'Stem Cells, Embryos, and Casualties of War' Redux

By Bonchek, Lawrence I. | Free Inquiry, February-March 2004 | Go to article overview

'Stem Cells, Embryos, and Casualties of War' Redux


Bonchek, Lawrence I., Free Inquiry


One effect of President Bush's stubborn opposition to stem-cell research in the United States was predictable: England, China, Singapore, and other countries are rapidly becoming stem-cell research centers and are aggressively courting prominent scientists. (1) But now the Bush administration is no longer content to impose its Luddite positions on America; it has attempted to push through a resolution at the United Nations for a treaty banning both reproductive and therapeutic cloning worldwide. (2) (Reproductive cloning is done to create a human being; "therapeutic" cloning intentionally creates new cells specifically for medical research.) U.S. Deputy Ambassador James Cunningham said the administration "has never been prepared to accept" a partial ban on reproductive cloning alone.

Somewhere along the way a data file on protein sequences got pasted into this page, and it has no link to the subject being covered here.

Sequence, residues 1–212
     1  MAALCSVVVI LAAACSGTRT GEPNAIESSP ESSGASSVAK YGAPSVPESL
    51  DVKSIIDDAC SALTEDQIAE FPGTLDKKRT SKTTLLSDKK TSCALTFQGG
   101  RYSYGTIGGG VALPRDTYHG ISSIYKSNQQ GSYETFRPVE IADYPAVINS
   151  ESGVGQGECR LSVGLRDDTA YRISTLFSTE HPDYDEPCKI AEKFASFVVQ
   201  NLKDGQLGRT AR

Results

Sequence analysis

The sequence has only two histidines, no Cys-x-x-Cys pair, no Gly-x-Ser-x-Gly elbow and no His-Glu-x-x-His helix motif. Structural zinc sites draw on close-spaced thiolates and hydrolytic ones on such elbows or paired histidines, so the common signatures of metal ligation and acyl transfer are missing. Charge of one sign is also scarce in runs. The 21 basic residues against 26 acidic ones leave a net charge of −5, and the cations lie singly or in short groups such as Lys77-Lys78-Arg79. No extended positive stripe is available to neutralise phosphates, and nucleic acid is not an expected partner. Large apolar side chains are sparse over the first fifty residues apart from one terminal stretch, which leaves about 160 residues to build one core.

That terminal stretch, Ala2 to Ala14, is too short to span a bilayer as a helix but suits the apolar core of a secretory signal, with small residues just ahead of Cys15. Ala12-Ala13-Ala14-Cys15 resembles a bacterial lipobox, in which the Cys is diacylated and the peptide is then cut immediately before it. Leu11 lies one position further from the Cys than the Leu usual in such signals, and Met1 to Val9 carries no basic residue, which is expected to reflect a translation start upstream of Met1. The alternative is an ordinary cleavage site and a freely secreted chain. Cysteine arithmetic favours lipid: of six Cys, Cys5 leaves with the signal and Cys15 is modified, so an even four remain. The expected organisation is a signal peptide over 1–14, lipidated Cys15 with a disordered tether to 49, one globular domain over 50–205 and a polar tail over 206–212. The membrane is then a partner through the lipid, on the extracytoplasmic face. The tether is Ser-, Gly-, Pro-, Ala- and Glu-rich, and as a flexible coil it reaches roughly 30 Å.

All this moral preaching is based on the conviction that human life begins at conception and that both cloned and excess frozen "pre-embryos" from fertility clinics are humans that should not be used for life-saving research, even if they'll be discarded anyway. But as I pointed out previously in FREE INQUIRY, (3) a president cannot take the position that a human life must never be sacrificed. As commanders-in-chief, presidents often must put soldiers in harm's way with the certainty that many will be killed, so Bush's sudden inflexibility about stem-cell research is ridiculously inconsistent. Military conflicts are not the only wars. The perpetual global war between humanity and disease has produced more casualties than all of history's shooting wars, and a ban on stem-cell research is dangerous to our health. In my original article, I offered the hypothetical argument that even if we accept--just for the sake of discussion--that already doomed "pre-embryos" are humans, they should be considered casualties in the global war against disease.

But the argument about casualties of war is no longer hypothetical. Since 9/11 and the invasion of Iraq, the president has shown that, when his peculiar morality justifies it, he is quite willing to countenance outright bloodshed, even when it means the loss of hundreds of young American soldiers with dependents, of UN humanitarian workers, of innocent civilians from many nations including Iraq, and of others uncounted and unknown. The absurd irrationality and ignorant hypocrisy of Bush's position on stem-cell research now lies exposed, but the situation in Iraq so overshadows the news that no one else has called attention to it.

And the absurdity has been magnified since my original article by subsequent revelations. …

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